Master Gardener Training Program Volunteer Activities
One of the requirements of the St. Louis Master Gardener Training Program is to perform at least 40 hours of volunteer work per year. We have until December to complete the hours but I thought it would be a good idea to get an early start (ok I admit it, I was dying to get my kayak out on the water). My first volunteer effort of the year was to participate in Operation Clean Stream at Simpson Lake in Valley Park on February 27, 2016.
Simpson Lake was a bit trashed due to the flooding in December but we made a really good dent in it. I was rewarded with sightings of a Bald Eagle and a beaver!
On St. Patrick’s Day I went on a tour of the Litzinger Road Ecology Center in Ladue with other Master Gardener trainees and made arrangements to volunteer there on a regular basis. The center is a private teaching facility owned by a foundation and managed by Missouri Botanical Garden. It is not open to the public so I thought you might enjoy seeing some photos of our tour if you have never been there.
One of the major activities at the center is removing non-native plants so that native plants can flourish. This picture shows native Bluebells emerging among other plants that are slated for removal. When I start my volunteer work I have no doubt that I’ll be learning a lot more about invasive plants!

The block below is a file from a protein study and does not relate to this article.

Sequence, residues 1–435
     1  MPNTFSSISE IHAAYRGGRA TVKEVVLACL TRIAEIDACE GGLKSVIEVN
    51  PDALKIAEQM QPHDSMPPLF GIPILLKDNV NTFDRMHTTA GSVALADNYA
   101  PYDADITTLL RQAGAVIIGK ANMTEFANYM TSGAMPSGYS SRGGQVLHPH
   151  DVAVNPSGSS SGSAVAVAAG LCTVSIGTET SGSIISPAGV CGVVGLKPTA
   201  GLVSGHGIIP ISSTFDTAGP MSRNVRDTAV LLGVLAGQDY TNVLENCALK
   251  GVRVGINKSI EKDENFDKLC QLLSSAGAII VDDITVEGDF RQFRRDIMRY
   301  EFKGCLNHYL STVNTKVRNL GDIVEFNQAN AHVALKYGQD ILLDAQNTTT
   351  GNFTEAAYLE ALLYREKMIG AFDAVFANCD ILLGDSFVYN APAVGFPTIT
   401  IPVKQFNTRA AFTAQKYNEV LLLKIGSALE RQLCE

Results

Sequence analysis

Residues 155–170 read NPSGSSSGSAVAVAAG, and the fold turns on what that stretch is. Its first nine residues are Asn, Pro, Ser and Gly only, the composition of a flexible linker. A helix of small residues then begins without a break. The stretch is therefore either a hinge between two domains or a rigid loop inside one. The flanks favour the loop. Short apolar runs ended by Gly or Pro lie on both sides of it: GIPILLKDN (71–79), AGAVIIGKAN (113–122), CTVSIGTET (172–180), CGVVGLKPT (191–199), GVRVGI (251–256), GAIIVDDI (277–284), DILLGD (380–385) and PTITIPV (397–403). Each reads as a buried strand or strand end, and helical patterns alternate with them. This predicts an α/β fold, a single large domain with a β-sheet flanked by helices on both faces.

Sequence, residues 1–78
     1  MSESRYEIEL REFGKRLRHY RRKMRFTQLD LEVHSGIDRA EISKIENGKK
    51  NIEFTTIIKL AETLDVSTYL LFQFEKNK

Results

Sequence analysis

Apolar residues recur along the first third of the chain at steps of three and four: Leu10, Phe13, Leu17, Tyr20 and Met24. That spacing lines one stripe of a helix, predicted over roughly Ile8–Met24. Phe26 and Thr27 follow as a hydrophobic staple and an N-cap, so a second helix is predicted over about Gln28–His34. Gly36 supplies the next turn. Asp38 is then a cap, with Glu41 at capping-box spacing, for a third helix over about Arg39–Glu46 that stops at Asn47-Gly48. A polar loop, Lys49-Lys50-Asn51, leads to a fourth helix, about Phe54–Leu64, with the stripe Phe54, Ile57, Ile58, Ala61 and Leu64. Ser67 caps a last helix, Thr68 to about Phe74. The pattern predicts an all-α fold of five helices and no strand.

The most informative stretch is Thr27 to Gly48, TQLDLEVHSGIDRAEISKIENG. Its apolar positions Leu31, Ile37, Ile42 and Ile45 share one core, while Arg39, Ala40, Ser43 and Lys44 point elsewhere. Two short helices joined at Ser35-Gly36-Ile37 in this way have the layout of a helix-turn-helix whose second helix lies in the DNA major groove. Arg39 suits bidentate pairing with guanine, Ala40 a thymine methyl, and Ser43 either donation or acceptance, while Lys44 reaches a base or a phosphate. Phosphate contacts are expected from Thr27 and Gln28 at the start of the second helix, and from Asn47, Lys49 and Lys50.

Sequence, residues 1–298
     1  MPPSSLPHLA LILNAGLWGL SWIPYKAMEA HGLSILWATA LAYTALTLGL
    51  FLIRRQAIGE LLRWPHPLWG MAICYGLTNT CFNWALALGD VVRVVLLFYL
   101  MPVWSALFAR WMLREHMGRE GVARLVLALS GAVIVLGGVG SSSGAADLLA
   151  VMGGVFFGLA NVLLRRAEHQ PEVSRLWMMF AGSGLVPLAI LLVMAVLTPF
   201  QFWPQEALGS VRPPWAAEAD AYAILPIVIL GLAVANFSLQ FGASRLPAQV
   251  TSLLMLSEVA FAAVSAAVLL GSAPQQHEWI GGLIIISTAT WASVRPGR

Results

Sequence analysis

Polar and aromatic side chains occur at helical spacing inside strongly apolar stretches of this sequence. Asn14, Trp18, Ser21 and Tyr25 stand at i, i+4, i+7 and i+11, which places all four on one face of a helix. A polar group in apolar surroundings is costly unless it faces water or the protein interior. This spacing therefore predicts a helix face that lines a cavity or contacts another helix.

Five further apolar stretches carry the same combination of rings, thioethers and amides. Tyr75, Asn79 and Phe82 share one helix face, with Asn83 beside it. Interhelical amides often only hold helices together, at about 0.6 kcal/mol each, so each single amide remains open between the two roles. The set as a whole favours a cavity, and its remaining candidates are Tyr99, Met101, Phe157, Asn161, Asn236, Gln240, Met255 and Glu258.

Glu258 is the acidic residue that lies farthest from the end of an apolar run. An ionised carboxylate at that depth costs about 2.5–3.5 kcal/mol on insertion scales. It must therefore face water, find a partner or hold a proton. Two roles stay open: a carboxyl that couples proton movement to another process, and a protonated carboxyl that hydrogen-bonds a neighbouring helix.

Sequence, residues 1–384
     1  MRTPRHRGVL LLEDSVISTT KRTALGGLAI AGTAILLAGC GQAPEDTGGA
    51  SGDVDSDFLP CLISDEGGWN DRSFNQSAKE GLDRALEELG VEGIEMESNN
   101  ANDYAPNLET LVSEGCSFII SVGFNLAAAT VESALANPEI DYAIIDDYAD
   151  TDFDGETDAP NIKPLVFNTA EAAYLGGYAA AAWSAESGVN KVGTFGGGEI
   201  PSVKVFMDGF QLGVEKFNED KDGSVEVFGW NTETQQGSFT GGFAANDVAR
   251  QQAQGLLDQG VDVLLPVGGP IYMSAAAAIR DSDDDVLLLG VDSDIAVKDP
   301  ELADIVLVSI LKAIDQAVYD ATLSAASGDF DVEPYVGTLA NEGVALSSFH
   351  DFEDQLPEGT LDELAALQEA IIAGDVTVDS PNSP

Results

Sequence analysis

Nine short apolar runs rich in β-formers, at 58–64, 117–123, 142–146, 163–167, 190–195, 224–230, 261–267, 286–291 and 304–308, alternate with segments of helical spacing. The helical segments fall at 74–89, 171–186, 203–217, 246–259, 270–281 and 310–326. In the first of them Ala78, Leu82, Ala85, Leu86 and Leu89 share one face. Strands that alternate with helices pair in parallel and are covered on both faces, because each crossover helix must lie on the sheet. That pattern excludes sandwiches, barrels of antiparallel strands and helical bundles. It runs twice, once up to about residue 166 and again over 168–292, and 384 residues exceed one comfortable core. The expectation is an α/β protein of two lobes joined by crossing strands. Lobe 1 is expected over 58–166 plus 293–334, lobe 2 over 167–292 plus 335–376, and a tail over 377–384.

Here is a section of Deer Creek that runs through the center. At the top of the ridge there is an old railroad right-of-way that was formerly the Laclede and Creve Coeur Lake Railroad route. I knew nothing about this interesting historical tidbit until last year when I was riding my bike in the area and noticed the right-of-way and looked it up to see what it might be. As you can see from the photo, erosion is a big problem along the creek. If you own property within the watershed of Deer Creek and you would like to learn how to manage your property to reduce flooding and erosion and to improve the water quality, the Deer Creek Watershed Alliance can help you learn how to do that.
In the foreground is a prairie area and on the ridge is an exquisite Mid-Century Modern house that was formerly the home of the benefactors who donated the land for the center. It is now used as an office for the foundation.
Fire is one of the tools sometimes used here for prairie management. Here is a clump of Prairie Dropseed coming back after a burn.
Our tour guide is pictured here explaining that a Monarch Waystation is planned for the area around the fence. The kids who come here for programs (and adults like me) should really love that when it’s done! I developed an interest in insects at a very young age and still haven’t lost it. Here and there on the grounds are “bug boards” that can be lifted up to see what’s taking shelter underneath. I loved doing that kind of thing when I was young and I still can’t resist it!
I’m also crazy about birds so seeing these gorgeous turkeys was a treat!
Here is a view of the circa 1964 house that shows some of the cool details.
Here is a Spicebush in flower – a beautiful and desirable native plant for the St. Louis area. It’s worth considering if you are planting to help pollinators and birds because it is a host plant for the Spicebush Swallowtail butterfly.
I hope you enjoyed my virtual tour of the Litzinger Road Ecology Center! It is likely that I’ll mention some of my upcoming work here in future issues of this newsletter.